Over against this, but in the same connection, is included any alien who shall receive, share in, or derive benefit from the earnings of any prostitute. This alludes to another class, but allied in association to the prostitute class. It is perfectly well known what this class is. There are many vile persons of the male sex, who allow themselves to be “supported by” (using the language of section 2), and take the earnings of, fallen women, which they appropriate to their own particular use, and many of them have no other visible means of livelihood. This is not to say that women may not be guilty of living off the earnings of fallen women as well, nor that a man may not be guilty of keeping a brothel; but the two classes are clearly defined, so that there need be little uncertainty as to the style or character of persons Congress designed to comprise by such classification. It is quite unreasonable to suppose that the dry goods salesman or the grocer, who sells his goods to a fallen woman and takes the price from her, or a cabman, who carries her for hire and receives the hire from her, or, as in the present case, the landlord, who rents her abode to her and takes rental therefor, all or any of them were designed to be classified as persons who receive or derive benefit from the earnings of a prostitute, and such, we are impressed, is not the intendment of the statute.

The power to regulate and suppress brothels and bawdyhouses, which includes the regulation of leasing houses or buildings for such purposes, is police in character, and in general is exercised by the states and local municipalities, rather than by the general government; and the statute in question manifests no intendment to encroach upon or interfere with such regulations. It deals, as we have seen, with certain alien classes, and provides for the deportation of aliens comprised thereby, and, considering the spirit and purpose of the statute, we think that there is no intendment to include an alien landlord, who leases to a prostitute the house in which she lives or practices prostitution and receives from her the rental thereof. The spirit of the law is vital, for interpretation, where the letter leads to incongruities or absurdities. Holy Trinity Church v. United States, 143 U. S. 457, 12 Sup. Ct. 511, 36 L. Ed. 226. This construction is as wel within the doctrine of ejusdem generis, which we think is applicable here. 36 Cyc. 1119.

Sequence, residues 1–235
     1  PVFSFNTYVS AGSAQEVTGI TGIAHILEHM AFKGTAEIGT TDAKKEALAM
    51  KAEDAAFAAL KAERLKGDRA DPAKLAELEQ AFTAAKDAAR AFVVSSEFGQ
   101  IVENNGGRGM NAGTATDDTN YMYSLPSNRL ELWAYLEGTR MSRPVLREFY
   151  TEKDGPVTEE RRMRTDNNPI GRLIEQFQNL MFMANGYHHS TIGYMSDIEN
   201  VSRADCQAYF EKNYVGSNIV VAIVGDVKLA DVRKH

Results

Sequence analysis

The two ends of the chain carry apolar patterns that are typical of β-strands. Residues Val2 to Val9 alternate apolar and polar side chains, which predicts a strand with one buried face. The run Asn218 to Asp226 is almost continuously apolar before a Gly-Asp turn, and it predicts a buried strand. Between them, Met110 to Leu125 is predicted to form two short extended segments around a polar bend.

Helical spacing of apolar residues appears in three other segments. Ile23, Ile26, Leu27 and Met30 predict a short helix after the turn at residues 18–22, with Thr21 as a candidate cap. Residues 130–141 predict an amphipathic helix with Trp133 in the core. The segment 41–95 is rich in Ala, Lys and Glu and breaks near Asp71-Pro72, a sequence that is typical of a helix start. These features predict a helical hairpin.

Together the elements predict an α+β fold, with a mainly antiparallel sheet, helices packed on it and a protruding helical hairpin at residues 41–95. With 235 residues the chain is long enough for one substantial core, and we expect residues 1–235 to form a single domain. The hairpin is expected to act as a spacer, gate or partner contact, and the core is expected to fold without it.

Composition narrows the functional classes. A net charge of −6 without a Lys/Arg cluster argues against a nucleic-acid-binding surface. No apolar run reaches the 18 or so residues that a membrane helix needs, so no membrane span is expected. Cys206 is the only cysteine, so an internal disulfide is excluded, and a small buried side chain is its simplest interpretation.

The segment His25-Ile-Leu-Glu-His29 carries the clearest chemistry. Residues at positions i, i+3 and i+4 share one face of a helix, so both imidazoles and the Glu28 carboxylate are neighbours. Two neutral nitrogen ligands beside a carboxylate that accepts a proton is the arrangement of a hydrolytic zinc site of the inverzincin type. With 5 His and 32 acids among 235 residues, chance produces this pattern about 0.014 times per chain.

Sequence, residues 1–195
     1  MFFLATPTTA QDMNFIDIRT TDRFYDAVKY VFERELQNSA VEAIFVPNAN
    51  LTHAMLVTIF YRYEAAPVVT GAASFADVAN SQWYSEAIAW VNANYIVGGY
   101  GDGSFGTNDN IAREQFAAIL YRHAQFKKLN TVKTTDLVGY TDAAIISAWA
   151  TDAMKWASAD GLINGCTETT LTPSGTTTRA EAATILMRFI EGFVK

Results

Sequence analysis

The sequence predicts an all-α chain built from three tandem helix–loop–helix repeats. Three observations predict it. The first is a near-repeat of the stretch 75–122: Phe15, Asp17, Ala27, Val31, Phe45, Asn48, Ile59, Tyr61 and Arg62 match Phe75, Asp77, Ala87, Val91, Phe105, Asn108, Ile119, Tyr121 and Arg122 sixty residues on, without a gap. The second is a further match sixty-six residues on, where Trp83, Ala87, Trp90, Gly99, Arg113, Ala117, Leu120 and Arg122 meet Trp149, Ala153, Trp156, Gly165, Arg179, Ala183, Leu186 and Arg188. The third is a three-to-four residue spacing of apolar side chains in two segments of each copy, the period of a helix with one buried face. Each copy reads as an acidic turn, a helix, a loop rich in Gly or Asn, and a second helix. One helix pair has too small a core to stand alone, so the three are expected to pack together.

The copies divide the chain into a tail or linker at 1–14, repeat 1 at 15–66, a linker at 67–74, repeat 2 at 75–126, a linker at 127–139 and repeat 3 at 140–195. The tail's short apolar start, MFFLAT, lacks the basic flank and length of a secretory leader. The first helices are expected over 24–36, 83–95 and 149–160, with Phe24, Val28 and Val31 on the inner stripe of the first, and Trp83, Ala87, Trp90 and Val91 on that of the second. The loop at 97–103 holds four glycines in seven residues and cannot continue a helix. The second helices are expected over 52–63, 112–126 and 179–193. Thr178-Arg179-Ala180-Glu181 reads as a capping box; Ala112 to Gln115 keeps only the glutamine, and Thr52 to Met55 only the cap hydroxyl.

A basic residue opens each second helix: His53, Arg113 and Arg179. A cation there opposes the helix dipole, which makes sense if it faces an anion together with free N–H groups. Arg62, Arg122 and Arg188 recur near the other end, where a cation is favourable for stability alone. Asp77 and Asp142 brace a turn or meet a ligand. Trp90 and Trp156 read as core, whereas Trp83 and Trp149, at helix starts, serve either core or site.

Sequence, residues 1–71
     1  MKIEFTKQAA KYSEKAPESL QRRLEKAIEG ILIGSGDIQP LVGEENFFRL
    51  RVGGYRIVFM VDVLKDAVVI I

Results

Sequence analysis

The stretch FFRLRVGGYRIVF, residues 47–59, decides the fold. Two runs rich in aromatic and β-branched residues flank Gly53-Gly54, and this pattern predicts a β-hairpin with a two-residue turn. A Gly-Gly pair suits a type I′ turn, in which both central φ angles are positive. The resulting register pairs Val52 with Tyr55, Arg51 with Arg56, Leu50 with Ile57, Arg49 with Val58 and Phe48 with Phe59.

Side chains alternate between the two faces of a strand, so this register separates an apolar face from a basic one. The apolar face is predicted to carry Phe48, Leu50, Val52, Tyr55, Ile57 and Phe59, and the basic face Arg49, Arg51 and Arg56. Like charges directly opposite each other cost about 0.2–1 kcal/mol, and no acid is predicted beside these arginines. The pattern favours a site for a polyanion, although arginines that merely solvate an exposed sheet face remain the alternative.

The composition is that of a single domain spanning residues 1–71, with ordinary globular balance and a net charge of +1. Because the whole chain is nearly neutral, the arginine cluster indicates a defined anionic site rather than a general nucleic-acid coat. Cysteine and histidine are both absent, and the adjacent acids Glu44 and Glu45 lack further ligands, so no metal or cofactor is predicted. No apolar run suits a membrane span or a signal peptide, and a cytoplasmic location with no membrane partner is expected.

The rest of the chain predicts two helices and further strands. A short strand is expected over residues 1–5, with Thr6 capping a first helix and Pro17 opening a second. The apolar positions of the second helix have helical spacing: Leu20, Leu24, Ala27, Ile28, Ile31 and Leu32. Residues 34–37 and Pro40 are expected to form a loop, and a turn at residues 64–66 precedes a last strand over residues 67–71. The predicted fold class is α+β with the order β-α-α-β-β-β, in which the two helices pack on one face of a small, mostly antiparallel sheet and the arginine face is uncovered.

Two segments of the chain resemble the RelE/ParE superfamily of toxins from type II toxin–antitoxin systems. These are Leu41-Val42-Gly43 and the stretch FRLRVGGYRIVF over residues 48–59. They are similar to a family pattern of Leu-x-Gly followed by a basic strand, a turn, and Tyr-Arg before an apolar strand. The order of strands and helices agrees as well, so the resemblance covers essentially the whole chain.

[3, 4] We now turn to the contention of the government that the petition of the appellant otherwise shows on its face that he was guilty of receiving the earnings of prostitutes. It will be kept in mind what the charge in the warrant is, and it is with reference to this charge, and to none other, that the inquiry must be conducted.

Numerous affidavits are set forth by the petition, by way of an exhibit thereto. We will make reference to such affidavits. Robert A. Peers, after setting forth certain matters respecting Harry Katz, avers that since the time alluded to "the two brothers, Harry Katz and Joseph Katz, have conducted a house of prostitution on the property [describing it), and it is a well-known fact in Colfax that the Katz brothers were interested in the management of this house of prostitution, over which Nellie White, a notorious prostitute, presided as